Electroconvulsive therapy (ECT) is an important, effective, and potentially life-saving treatment that can be used when someone is in a severely depressed, manic, or mixed episode.
While ECT has a somewhat checkered history, largely due to its earlier days when it was not combined with modern anesthesia, it has been extensively studied and shown to be safe and humane.
Still, the echoes and stigma of those earlier days and “electroshock” therapy, which could result in bone fractures and broken teeth, persist. When faced with the recommendation of having ECT, especially for the first time, it’s quite natural to have a negative, and even fearful, response. Getting up-to-date information will allow you to make an informed choice.
Modern ECT involves using rapid onset anesthesia, which both induces sleep and relaxes the muscles (this prevents injury). After the person is asleep, a measured dose of electricity is delivered through electrodes placed on one or both sides of the head (unipolar vs. bipolar ECT, please note the word bipolar is being used in a different context).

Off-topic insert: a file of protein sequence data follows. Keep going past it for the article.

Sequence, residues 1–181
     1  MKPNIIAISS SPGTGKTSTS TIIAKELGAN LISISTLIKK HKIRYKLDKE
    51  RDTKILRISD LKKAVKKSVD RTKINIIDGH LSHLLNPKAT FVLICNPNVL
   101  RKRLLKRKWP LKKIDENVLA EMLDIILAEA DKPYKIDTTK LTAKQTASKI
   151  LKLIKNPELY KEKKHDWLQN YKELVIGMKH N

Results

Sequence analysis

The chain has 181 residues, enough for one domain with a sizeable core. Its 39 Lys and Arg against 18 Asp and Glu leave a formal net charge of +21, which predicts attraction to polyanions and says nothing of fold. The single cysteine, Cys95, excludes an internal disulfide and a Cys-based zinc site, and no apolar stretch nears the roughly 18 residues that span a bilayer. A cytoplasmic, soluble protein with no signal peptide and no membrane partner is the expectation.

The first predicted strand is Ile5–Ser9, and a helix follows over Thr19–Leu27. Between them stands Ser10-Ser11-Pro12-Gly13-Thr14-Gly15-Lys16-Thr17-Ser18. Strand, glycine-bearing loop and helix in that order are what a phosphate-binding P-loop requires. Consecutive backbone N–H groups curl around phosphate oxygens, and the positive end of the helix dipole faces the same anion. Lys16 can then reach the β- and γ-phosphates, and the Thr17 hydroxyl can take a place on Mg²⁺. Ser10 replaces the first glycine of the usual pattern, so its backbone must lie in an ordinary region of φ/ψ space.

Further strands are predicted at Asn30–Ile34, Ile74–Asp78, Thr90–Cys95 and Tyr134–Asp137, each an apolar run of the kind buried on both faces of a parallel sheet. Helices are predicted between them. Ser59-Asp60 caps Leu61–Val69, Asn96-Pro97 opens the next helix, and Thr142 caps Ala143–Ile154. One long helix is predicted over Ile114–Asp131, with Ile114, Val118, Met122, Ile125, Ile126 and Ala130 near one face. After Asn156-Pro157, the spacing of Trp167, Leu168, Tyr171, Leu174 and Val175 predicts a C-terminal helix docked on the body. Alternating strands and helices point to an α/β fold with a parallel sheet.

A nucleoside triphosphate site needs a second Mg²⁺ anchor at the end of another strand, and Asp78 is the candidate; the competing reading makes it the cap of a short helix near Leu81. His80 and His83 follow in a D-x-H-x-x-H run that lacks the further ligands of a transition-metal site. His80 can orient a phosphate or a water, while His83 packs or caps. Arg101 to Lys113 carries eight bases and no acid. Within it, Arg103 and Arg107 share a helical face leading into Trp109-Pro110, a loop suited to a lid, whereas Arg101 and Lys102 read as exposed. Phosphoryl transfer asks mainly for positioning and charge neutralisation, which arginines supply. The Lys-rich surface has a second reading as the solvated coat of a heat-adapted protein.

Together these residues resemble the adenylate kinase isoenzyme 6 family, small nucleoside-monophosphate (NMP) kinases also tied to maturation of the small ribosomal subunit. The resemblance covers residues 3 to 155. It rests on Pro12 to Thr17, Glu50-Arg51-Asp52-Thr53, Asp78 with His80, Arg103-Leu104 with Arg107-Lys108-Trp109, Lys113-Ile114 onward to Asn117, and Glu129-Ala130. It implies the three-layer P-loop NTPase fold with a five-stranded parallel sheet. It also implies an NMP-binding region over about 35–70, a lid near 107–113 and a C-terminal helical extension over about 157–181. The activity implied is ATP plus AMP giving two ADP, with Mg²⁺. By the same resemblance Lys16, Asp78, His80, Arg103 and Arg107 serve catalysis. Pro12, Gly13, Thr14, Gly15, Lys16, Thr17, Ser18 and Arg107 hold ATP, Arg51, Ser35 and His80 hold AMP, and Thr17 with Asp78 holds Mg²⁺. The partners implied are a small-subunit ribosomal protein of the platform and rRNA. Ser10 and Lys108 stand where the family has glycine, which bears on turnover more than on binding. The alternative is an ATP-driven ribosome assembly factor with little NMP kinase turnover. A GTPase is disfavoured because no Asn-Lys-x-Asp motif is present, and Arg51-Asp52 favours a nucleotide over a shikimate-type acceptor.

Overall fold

The current induces a seizure, which is observed via brain wave activity. (An electroencephalograph (EEG) displays the seizure.) Because muscle relaxants have been used, the body remains still. The seizure lasts for thirty to ninety seconds. The anesthesia wears off and the person wakes up. The entire procedure from start to finish takes about thirty minutes to an hour.
For depressed and manic episodes, several treatments will be required. In the acute phase these are typically given three times a week. Results are often quite dramatic, and the success rate, especially in a psychotic depression, is quite high (80 to 90 percent).